The Life and Letters of Charles Darwin – Day 75 of 188

Charles Darwin to W.D. Fox.

Botofogo Bay, near Rio de Janeiro,
May, 1832.

My dear Fox,

I have delayed writing to you and all my other friends till I arrived here and had some little spare time. My mind has been, since leaving England, in a perfect hurricane of delight and astonishment, and to this hour scarcely a minute has passed in idleness…

At St. Jago my natural history and most delightful labours commenced. During the three weeks I collected a host of marine animals, and enjoyed many a good geological walk. Touching at some islands, we sailed to Bahia, and from thence to Rio, where I have already been some weeks. My collections go on admirably in almost every branch. As for insects, I trust I shall send a host of undescribed species to England. I believe they have no small ones in the collections, and here this morning I have taken minute Hydropori, Noterus, Colymbetes, Hydrophilus, Hydrobius, Gromius, etc., etc., as specimens of fresh-water beetles. I am entirely occupied with land animals, as the beach is only sand. Spiders and the adjoining tribes have perhaps given me, from their novelty, the most pleasure. I think I have already taken several new genera.

But Geology carries the day: it is like the pleasure of gambling. Speculating, on first arriving, what the rocks may be, I often mentally cry out 3 to 1 tertiary against primitive; but the latter have hitherto won all the bets. So much for the grand end of my voyage; in other respects things are equally flourishing. My life, when at sea, is so quiet, that to a person who can employ himself, nothing can be pleasanter; the beauty of the sky and brilliancy of the ocean together make a picture. But when on shore, and wandering in the sublime forests, surrounded by views more gorgeous than even Claude ever imagined, I enjoy a delight which none but those who have experienced it can understand. If it is to be done, it must be by studying Humboldt. At our ancient snug breakfasts, at Cambridge, I little thought that the wide Atlantic would ever separate us; but it is a rare privilege that with the body, the feelings and memory are not divided. On the contrary, the pleasantest scenes in my life, many of which have been in Cambridge, rise from the contrast of the present, the more vividly in my imagination. Do you think any diamond beetle will ever give me so much pleasure as our old friend crux major?…It is one of my most constant amusements to draw pictures of the past; and in them I often see you and poor little Fran. Oh, Lord, and then old Dash, poor thing! Do you recollect how you all tormented me about his beautiful tail?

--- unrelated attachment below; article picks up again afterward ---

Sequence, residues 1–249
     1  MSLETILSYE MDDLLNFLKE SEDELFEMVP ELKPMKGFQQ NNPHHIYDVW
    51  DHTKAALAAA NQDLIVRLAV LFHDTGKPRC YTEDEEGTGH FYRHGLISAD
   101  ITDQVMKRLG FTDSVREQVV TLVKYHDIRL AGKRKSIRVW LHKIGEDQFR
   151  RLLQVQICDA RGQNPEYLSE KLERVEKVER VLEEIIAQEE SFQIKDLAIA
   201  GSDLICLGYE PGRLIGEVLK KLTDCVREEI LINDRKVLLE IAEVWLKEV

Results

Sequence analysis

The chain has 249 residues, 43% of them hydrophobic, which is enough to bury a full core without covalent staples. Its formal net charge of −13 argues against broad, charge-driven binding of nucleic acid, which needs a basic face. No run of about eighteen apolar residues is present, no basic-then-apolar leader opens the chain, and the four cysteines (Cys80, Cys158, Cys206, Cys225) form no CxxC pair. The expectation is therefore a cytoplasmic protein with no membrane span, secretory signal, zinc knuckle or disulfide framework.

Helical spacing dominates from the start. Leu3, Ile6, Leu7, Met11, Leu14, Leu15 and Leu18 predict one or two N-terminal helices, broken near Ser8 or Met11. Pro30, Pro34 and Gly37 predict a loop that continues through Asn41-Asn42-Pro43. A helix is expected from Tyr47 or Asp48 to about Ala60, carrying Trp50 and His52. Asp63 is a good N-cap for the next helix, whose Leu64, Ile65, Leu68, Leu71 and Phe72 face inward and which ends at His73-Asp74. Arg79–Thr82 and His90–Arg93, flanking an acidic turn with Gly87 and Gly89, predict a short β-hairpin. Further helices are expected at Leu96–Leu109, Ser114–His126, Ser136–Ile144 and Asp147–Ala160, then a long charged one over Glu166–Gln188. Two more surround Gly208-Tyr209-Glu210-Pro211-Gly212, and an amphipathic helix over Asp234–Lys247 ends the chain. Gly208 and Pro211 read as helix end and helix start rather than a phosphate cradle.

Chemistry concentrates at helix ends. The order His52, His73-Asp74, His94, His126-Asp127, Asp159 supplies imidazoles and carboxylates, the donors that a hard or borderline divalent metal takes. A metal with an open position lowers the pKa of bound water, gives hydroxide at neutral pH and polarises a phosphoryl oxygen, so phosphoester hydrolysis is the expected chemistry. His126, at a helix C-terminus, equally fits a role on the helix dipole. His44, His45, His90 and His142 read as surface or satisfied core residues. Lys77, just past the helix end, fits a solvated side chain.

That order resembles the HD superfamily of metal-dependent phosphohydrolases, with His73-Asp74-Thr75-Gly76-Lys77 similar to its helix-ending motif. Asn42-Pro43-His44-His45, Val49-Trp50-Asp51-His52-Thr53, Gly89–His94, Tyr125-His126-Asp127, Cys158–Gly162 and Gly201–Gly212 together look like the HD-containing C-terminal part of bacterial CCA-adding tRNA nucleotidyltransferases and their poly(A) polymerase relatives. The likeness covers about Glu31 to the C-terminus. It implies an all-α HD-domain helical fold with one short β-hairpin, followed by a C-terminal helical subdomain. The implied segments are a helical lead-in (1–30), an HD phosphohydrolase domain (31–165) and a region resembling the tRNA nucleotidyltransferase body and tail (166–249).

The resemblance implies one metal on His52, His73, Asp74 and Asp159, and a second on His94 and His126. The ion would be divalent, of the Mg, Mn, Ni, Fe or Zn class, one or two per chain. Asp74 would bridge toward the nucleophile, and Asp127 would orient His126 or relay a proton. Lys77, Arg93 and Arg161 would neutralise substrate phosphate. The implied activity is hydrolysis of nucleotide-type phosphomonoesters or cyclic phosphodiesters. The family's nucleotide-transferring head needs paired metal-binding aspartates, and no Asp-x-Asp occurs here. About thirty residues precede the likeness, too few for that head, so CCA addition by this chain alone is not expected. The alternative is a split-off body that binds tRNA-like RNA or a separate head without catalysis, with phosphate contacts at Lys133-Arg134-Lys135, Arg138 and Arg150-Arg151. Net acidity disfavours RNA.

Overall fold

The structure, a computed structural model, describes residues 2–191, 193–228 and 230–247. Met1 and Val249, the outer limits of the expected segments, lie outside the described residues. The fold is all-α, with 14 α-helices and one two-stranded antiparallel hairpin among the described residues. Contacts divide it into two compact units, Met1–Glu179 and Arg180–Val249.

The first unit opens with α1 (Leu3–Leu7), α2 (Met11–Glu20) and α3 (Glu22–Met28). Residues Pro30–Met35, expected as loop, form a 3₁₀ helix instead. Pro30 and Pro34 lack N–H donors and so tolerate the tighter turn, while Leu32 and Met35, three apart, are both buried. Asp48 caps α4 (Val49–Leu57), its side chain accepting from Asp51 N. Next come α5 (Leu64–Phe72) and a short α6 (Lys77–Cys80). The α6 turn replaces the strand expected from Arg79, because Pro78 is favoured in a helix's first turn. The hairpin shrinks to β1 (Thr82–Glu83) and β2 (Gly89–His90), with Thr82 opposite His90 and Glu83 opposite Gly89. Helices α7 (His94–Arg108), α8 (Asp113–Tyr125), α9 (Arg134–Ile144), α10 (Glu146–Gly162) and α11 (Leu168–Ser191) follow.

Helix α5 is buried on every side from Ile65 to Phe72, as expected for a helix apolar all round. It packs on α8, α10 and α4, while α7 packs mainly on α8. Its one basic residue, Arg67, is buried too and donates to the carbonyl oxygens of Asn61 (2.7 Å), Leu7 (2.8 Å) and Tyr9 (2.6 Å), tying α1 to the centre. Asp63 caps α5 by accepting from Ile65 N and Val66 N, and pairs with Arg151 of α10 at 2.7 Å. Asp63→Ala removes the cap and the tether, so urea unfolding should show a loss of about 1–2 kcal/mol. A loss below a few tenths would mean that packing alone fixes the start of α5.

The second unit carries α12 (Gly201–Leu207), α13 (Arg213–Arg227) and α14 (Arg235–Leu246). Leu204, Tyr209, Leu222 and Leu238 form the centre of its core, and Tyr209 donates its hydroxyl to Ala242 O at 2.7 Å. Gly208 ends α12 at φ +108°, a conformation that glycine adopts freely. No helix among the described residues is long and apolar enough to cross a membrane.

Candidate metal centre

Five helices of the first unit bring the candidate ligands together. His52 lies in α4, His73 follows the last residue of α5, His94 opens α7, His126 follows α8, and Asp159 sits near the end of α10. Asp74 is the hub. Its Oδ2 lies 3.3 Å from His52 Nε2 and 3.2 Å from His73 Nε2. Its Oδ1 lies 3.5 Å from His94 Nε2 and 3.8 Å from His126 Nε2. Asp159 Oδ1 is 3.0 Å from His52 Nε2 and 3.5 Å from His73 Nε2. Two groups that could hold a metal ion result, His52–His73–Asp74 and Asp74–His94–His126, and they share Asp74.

…Think when you are picking insects off a hawthorn-hedge on a fine May day (wretchedly cold, I have no doubt), think of me collecting amongst pine-apples and orange-trees; whilst staining your fingers with dirty blackberries, think and be envious of ripe oranges. This is a proper piece of bravado, for I would walk through many a mile of sleet, snow, or rain to shake you by the hand. My dear old Fox, God bless you. Believe me,

Yours affectionately,
Chas. Darwin.

Charles Darwin to J.S. Henslow.

Rio de Janeiro, May 18, 1832.

My dear Henslow,

Till arriving at Teneriffe (we did not touch at Madeira) I was scarcely out of my hammock, and really suffered more than you can well imagine from such a cause. At Santa Cruz, whilst looking amongst the clouds for the Peak, and repeating to myself Humboldt’s sublime descriptions, it was announced we must perform twelve days’ strict quarantine. We had made a short passage, so “Up jib,” and away for St. Jago. You will say all this sounds very bad, and so it was; but from that to the present time it has been nearly one scene of continual enjoyment. A net over the stern kept me at full work till we arrived at St. Jago. Here we spent three most delightful weeks. The geology was pre-eminently interesting, and I believe quite new; there are some facts on a large scale of upraised coast (which is an excellent epoch for all the volcanic rocks to date from), that would interest Mr. Lyell.

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